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Germany to Deport EU Citizens


German Interior Minister Hans-Peter Friedrich announced Friday that the government would begin deporting poor Bulgarians and Romanians who had moved to the country to take advantage of the generous welfare benefits. According to Spiegel:

The issue was prompted by complaints from German communities claiming that an increasing number of people are arriving from Romania and Bulgaria with the help of organized gangs, obtaining a business license and applying for benefits a few months later under the pretences that the business has been unsuccessful.

Friedrich says that those who are found defrauding social services will be expelled from the country, despite the fact that they are granted the right to work and travel throughout the member states as citizens of the European Union.

While the prospect of Germans deporting immigrants (many of them Roma) reminds us of the dark Nazi past, Germany is far from alone in Europe in struggling with how to respond to impoverished immigrants from new EU member-states. Romanians and Bulgarians are frequently stereotyped in Western Europe as grifters and fraudsters. The Dutch have been debating the same issue, while France has been deporting or bribing Roma to leave the country for years.

These controversies reveal the cracks in the foundation of the elite project to foster a concept of cosmopolitan “Europeaness.” Despite fervent hopes in Brussels that the expansion of the union would create a “United States of Europe,” strong national identities persist, and European immigrants frequently face hostility when they move to other countries.

Perhaps the more troubling issue for many Europeans is the effects of situations like these on national welfare systems. Anti-immigrant sentiment is frequently driven by the perception that foreigners from the east are leeching off Western Europe’s generous welfare systems. Many of these fears are exaggerated, and even strongly tinged with racism, but they persist nonetheless. Considering the budgetary pressures facing many countries already, these fears may lead to a broad scaling-back of the social welfare systems Europe has built up over the past seventy years.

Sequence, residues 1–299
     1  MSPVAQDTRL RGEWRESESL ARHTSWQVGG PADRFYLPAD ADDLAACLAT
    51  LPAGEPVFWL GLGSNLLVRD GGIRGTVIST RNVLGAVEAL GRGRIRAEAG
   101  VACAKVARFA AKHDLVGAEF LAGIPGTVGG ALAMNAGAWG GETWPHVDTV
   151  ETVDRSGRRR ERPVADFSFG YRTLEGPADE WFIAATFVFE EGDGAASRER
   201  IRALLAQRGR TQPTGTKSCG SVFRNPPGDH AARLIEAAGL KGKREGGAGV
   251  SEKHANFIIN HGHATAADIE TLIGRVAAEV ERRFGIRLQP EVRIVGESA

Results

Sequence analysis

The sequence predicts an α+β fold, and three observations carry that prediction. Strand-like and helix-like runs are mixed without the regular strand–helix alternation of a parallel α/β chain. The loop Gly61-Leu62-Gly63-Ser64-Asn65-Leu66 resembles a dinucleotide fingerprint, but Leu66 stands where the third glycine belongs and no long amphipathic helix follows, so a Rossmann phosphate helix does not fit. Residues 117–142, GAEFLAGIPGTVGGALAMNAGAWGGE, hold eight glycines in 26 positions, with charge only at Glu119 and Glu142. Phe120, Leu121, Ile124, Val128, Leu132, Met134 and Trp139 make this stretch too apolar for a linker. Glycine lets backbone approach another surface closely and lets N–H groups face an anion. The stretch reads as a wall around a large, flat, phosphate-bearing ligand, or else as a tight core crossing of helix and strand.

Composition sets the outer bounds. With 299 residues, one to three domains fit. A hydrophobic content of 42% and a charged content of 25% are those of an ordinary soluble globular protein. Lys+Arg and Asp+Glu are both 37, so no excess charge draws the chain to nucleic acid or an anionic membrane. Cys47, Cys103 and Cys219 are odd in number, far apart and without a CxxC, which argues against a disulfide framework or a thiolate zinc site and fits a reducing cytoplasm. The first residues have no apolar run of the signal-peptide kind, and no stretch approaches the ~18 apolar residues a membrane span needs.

[Impoverished Romanian Roma photo courtesy of Getty Images]

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  • lukelea

    What’s not to like? Here’s a quote from Steve Erlanger’s story in the NYT a few days ago:

    The complexity and tragedy of the problem are easily seen here in Paris at the Gare du Nord, one of the busiest transportation hubs in France. Near the third glass door from the left of the older building, young Roma men hover. Small, thin, often wearing bright clothing like green pants or a pink scarf, the men are prostitutes, looking for work or waiting for prearranged rendezvous.

    Some are as young as 14, though they insist they are older; some are 16 and married, sometimes with children. They come from a community around Craiova, in south-central Romania. They troll the station to earn a living, which they say gets them about 100 euros a day, or $130.

    A young man named Ruset said he was 19 and had left Romania as a child. He and his friends, like Bogdan, 17, and Gutsa, 17, whose wife is pregnant, “do business” at the station, he said; they live in a shantytown in a forest east of Paris, near the Noisy-Champs station on the suburban railway line. None wanted to have their family names used.

    “France is terrible for us,” Ruset said, watching for the police, whom he called “superracist, hassling us all the time.” Echoing many of France’s estimated 20,000 noncitizen Roma, he said: “I would like to stay in Romania, but there is no chance to work there. France I liked well at the start, but today things are very hard.”

  • Blaton Hardey

    National identity? I don’t think so. It’s fear and administrative incompetence that work into these policies.

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